The first sail I ever built was an army jacket held up by two paddles and a stick. The two paddles were jammed in place between the bags and the bow seat, then held in place by a rope that looped from the center thwart to the top corner of the sail and then down to the bow.
This rig was shaky, and unstable, but it got me down the lake a little faster.
Over the years I’ve built many other canoe sails…
The sail above was improvised using sticks found in the forests of Temagami and a basic blue tarpaulin bought at Canadian Tire. Some parachute cord held the whole thing together.
This fancy square rigger sail on a catamaran canoe raft was built on the Missinaibi River. It took probably two hours to build this triangular mast system with a full sail hanging from the yard.
Unfortunately the whole thing had to be disassembled later in the day because the river was very low and it was too unwieldy to drag the raft through the shallows.
Most recently I’ve used a 1.4 square meter Falcon sail which is an amazing piece of technology. It allows you to sail crossways and even into the wind, which just isn’t possible for the other setups.
I used the 1.4 meter Falcon Sail mounted on a Clipper Sea-One canoe during my recent 1000 mile solo trip and it was fantastic. It was very light and allowed me to sail downwind, crosswind, and even – if conditions were perfect – slightly upwind.
A Word of Caution About Canoe Sailing
I wish it wasn’t so, but sailing canoes and kayaks which lack large keels is dangerous!
Sailing on lakes, and especially big lakes like Nueltin, requires caution and constant vigilance because you can get into trouble really quickly.
Years ago I was ascending the Kenogami River in Northern Ontario. I was just north of the small town of Longlac and had been travelling upriver for hundreds of kilometers. I came to a section of the river where it was very broad, almost like a lake, with no discernable current to fight.
I decided to take advantage of the strong north wind at my back, so I quickly rigged a small sail with a large army jacket and a couple of paddles, then set out into the open water.
At first life was good. The canoe sliced through the water and the waves were quite small. I leaned back in the canoe and steered the rig southwards.
The lake-like stretch of river was about 5 kilometers long, and about halfway I started to get really worried. The wind blowing across open water kept getting stronger, and the waves kept getting larger as I went further down the open area (a classic large fetch over shallow water and against a slight current situation). I had to constantly lean heavily on my paddle to stop the boat from broaching in the cold rollers.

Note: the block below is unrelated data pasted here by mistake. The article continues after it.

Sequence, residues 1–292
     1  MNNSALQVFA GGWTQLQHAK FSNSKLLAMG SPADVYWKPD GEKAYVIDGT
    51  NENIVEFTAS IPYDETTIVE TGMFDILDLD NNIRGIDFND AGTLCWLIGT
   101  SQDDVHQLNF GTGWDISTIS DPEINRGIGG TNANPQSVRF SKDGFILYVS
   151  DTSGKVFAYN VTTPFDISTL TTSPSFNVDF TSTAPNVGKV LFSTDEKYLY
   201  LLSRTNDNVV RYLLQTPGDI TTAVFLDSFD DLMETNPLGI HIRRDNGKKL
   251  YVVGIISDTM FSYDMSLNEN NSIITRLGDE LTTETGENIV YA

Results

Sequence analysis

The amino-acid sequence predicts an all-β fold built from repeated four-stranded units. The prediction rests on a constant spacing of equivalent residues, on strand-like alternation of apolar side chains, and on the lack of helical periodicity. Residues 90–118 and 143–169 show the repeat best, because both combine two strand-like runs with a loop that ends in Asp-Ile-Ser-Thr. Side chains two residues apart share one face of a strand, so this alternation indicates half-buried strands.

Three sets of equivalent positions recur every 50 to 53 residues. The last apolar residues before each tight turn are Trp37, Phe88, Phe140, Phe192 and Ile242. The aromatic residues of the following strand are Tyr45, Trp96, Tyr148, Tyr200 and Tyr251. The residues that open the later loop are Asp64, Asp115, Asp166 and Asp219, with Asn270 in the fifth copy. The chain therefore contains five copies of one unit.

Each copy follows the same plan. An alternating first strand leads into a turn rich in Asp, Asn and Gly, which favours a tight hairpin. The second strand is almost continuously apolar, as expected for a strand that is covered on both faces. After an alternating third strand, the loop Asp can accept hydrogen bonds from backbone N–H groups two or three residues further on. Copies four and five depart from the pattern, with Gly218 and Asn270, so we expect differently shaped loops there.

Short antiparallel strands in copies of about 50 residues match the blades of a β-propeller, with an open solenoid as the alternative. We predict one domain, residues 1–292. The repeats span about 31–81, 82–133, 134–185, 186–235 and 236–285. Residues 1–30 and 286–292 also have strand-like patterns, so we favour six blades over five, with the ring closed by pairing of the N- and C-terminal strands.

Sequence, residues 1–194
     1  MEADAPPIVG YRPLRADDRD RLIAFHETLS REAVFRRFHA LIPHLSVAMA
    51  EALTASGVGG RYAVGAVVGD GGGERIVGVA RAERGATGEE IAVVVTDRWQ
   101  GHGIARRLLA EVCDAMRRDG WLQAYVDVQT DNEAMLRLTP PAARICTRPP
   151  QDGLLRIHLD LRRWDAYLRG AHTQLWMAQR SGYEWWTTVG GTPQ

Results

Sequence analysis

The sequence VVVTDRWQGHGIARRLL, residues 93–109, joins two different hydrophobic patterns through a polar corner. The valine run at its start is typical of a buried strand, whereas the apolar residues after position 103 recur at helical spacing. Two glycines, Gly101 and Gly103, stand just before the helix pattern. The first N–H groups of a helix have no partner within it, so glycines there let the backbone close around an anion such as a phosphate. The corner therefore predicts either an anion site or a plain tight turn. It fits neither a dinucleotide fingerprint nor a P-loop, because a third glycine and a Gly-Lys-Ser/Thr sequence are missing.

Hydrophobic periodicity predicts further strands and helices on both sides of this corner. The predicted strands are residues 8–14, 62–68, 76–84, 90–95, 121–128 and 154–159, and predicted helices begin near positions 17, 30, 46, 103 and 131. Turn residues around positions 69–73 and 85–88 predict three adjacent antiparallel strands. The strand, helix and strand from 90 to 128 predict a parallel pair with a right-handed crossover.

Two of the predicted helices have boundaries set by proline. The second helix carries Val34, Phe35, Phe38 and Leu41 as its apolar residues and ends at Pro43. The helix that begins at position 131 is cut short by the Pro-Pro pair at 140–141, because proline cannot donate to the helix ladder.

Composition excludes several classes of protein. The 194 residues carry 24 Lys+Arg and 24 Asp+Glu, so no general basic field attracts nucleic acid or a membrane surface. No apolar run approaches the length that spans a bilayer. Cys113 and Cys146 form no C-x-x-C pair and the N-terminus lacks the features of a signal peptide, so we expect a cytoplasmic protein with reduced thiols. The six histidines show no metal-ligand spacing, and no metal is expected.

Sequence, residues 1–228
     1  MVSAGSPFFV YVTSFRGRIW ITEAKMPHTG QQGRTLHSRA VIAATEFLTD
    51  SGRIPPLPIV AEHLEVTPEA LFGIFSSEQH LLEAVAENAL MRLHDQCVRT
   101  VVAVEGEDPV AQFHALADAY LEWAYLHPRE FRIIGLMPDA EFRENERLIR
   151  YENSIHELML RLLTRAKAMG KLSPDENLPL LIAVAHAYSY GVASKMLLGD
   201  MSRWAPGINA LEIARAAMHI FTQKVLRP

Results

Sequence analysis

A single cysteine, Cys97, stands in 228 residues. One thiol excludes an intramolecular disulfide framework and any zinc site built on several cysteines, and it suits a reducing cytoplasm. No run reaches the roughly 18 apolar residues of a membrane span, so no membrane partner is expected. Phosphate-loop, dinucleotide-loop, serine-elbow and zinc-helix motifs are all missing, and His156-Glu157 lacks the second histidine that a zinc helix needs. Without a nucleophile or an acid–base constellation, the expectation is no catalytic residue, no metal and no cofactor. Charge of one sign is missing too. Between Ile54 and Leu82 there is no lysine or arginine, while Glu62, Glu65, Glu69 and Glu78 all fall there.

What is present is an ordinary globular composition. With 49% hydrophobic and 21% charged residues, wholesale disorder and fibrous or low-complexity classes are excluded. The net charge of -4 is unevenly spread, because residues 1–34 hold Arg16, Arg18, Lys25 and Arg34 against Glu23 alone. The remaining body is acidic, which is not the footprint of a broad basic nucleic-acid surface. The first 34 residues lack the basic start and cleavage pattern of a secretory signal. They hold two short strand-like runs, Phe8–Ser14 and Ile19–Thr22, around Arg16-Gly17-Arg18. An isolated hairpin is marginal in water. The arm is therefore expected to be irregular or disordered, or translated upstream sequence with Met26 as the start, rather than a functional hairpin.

This was no longer fun but there was no safe way to drop the sail. I was on my own and the boat needed continuous steering. If I climbed forward to lower the sail then the boat would have flipped instantly.
My only option was to continue downwind as the waves grew larger and larger, occasionally scooping water out of the boat with a swift pass of the bailer.
I white-knuckled the remaining 2 1/2 kilometers until I got to the much more protected inlet of the lake, rammed the boat up onto shore, and cut the lines holding the sail up. It had been a close call.
So no matter what kind of sail you use make sure you can drop it quickly without having to climb around, either by untying a slipknot, pulling a line out of a cleat, or quickly slicing a support rope with your knife.
Other good rules of thumb include,
- Only sail a canoe with an onshore wind
- Never sail when you’re far from shore
- Do it with 100% of your attention focused on the wind, waves and weather.
It really sucks to be bobbing around in the water, trying to right a heavily laden boat after getting tipped over by a strong gust of wind that hit your sail at the wrong angle.
A canoe sail is an incredibly useful tool, just like your knife, your axe, your stove or your bear spray. But just like all those tools it can very quickly get into trouble if you use it the wrong way.
Enjoy your sailing, but be careful